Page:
India’s Uttarakhand region experienced a humanitarian tragedy on February 7, 2021, when a wall of debris and water washed down the river valleys of Ronti Gad, Rishiganga and Dhauliganga.
The event began when a wedge of rock bearing a glacier broke off a steep ridge in the Himalayan mountain range. The resulting debris flow destroyed two hydroelectric facilities and left more than 200 dead or missing.
A self-organized coalition of 53 scientists met in the days following the disaster to investigate the cause, extent and impacts. The team determined that the flooding was caused by falling rocks and glacier ice that melted on its descent – not a diverted lake or river – which will help researchers and policymakers better identify emerging dangers in the region.
The study, which used satellite imagery, seismic recordings and eyewitness videos to produce computer models of the flow, was published on June 10 in Science.
“On the morning of the event, I was reading the news over coffee and saw a headline about a disaster in the Himalayas,” said co-author David Shean, assistant professor of civil and environmental engineering at the University of Washington. “I sat down at the computer and retrieved the satellite images that had been acquired that morning. When I saw the cloud of dust moving through the valley, I started writing emails to other scientists to ask if they were working on it. A thread quickly grew to five, then ten, and the response effort consumed most of our waking hours for the next two weeks. “
Initial hypotheses about the cause of the event suggested overflowing glacial lake flooding. But there aren’t any glacial lakes large enough to produce flooding near the site, the team determined.
“Our access to high-resolution satellite imagery and research software, as well as our expertise in satellite remote sensing were crucial in gaining an overview of how the event unfolded,” said co-author Shashank Bhushan , doctoral student at UW in civil and environmental engineering. “We worked with our French collaborators to coordinate the satellite collections in the days following the event and quickly process the images to derive detailed topographic maps of the site.”
The researchers compared the images and topographic maps before and after the event to document any changes and reconstruct the sequence of events.
“We followed a plume of dust and water to a prominent dark spot on a steep slope,” said lead author Dan Shugar, associate professor at the University of Calgary.
The dark spot turned out to be the scar left by the missing 35 million cubic meters of rock and glacier ice – enough material to cover Washington, DC, with a layer 3 feet deep.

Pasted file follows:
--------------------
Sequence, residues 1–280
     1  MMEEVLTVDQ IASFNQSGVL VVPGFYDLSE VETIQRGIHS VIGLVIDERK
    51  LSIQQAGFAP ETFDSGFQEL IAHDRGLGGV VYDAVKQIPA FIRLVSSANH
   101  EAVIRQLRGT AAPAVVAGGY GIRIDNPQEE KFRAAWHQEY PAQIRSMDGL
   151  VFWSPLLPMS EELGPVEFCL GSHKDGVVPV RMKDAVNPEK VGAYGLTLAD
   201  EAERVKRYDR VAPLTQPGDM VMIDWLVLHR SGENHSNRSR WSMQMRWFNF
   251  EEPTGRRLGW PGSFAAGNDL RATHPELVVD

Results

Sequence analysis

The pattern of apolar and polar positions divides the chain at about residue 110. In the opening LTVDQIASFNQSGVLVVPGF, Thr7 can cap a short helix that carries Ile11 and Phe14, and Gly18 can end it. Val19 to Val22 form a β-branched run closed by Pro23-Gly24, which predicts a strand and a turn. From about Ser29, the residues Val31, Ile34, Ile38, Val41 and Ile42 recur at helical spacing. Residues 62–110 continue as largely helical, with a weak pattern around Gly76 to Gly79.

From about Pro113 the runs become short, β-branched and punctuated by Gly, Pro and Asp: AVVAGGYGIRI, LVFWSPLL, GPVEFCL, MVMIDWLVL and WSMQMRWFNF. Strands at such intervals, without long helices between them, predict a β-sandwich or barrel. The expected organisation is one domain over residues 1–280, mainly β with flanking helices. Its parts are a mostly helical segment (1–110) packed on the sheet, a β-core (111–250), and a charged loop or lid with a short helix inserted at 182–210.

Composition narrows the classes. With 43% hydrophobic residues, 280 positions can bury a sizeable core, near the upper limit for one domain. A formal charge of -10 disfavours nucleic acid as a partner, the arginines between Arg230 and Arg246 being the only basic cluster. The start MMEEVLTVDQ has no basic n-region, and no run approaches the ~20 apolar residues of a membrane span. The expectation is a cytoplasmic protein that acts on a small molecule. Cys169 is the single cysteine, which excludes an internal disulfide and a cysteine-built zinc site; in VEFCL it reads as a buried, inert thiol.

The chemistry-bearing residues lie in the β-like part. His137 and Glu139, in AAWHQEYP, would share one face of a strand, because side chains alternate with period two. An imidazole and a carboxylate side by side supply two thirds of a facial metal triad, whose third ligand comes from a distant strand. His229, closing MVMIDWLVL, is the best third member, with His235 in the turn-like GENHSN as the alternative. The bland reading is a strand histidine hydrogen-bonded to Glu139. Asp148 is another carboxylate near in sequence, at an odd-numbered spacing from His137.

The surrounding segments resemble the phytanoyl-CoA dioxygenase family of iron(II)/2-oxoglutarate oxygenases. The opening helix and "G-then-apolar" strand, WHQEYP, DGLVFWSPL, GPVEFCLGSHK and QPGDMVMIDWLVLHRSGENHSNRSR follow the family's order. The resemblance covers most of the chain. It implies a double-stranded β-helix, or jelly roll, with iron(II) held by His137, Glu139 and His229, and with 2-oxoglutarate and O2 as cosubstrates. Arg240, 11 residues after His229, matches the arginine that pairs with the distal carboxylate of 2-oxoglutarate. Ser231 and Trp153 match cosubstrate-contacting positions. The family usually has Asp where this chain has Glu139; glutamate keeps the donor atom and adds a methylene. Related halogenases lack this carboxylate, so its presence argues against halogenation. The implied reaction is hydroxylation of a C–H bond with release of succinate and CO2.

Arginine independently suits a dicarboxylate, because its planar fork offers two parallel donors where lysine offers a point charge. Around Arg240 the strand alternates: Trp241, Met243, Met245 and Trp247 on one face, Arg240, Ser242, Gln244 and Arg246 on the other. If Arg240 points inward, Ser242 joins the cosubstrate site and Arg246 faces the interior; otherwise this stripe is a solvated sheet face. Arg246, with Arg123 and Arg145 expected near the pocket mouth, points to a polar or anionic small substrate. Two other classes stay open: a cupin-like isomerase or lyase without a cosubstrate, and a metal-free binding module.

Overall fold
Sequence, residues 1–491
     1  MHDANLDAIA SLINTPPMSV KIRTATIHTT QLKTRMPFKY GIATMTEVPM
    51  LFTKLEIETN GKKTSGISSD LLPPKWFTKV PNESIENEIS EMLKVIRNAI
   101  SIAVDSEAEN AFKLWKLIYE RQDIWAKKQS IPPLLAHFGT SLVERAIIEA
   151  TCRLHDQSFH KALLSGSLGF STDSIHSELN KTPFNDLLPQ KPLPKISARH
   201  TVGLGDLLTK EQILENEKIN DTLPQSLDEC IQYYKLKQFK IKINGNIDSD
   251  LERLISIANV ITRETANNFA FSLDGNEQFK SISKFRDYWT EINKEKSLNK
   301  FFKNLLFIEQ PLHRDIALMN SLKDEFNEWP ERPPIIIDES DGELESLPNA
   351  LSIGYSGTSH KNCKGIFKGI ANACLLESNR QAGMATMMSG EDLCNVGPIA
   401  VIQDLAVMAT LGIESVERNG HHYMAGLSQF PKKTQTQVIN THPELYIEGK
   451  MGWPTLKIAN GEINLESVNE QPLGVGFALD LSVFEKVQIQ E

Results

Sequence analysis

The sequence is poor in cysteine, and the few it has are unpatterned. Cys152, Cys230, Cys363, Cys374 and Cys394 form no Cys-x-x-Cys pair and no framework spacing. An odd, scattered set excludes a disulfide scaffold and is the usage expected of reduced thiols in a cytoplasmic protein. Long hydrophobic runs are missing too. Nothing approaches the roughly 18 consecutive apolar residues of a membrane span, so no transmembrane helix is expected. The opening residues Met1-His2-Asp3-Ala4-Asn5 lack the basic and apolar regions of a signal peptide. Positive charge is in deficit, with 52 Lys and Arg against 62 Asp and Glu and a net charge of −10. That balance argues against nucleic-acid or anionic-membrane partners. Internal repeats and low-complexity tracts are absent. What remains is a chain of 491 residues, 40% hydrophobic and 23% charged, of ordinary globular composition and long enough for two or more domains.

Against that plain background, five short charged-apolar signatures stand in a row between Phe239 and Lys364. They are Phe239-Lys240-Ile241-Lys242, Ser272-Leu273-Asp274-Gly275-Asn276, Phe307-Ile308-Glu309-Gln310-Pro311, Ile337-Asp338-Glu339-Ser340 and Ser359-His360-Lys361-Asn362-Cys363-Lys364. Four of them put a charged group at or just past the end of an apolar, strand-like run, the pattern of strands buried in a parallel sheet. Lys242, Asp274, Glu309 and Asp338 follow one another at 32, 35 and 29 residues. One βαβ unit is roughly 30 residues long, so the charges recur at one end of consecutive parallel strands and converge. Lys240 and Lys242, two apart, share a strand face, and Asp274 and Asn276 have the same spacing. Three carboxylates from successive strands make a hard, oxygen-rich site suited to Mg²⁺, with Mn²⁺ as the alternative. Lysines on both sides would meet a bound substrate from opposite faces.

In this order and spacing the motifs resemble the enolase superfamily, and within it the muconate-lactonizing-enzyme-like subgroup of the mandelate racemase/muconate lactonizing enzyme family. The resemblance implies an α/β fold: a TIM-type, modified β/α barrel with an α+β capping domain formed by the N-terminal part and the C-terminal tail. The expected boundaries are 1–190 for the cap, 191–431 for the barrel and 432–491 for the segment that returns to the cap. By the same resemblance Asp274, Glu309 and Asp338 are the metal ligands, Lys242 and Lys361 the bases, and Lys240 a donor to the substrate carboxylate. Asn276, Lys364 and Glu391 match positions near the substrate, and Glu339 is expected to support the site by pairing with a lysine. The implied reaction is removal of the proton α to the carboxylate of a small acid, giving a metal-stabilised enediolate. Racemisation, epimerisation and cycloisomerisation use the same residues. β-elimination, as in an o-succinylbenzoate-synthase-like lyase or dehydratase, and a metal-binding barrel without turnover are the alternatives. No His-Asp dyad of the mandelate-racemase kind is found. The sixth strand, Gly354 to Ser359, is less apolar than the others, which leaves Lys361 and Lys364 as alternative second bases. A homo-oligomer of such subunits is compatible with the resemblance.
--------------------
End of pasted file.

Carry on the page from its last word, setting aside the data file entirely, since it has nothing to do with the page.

“It was the source of a giant landslide that started the cascade of events and caused immense death and destruction,” said Shugar, who was previously an assistant professor at UW Tacoma.
The researchers also used the maps to determine how far the block of ice and rock fell.
“The failed block fell over a mile before impacting the valley floor. To put that height in context, imagine vertically stacking 11 Space Needles or six Eiffel Towers,” Bhushan said.
Then the larger team was able to quantify how the pulverized rock and ice was redistributed to the downstream areas.
“When the boulder fell, most of the glacier’s ice melted within minutes. This resulted in a huge volume of water associated with the flooding,” Bhushan said. “This is very unusual – a normal rocky landslide or snow / ice avalanche could not have produced such huge volumes of water.”
For Bhushan, the work was personal.
“In general, doctoral research projects are very specialized. Sometimes I have a hard time explaining to my parents why it is important to measure the dynamics of glaciers,” Bhushan said. “But due to the magnitude of this disaster, my family and friends in India were very curious about how this event unfolded, and they expected me to find an answer. provided a sense of belonging and motivation. that some of my research can be of so immediate benefit to society. “
The team also used archives of satellite images to show that ancient masses of ice had been dislodged from the same ridge and struck the same valley in recent years. The researchers suggest that climate change is likely to increase the frequency of such events and that the greater magnitude of the latest disaster should be taken into account before further infrastructure development in the region.
“These high mountain rivers are attractive for hydropower projects, and we need to better understand the full range of potential high mountain hazards,” said Shean. “We hope that the lessons learned from this effort will improve our ability to respond to future disasters and guide policy decisions that will save lives.”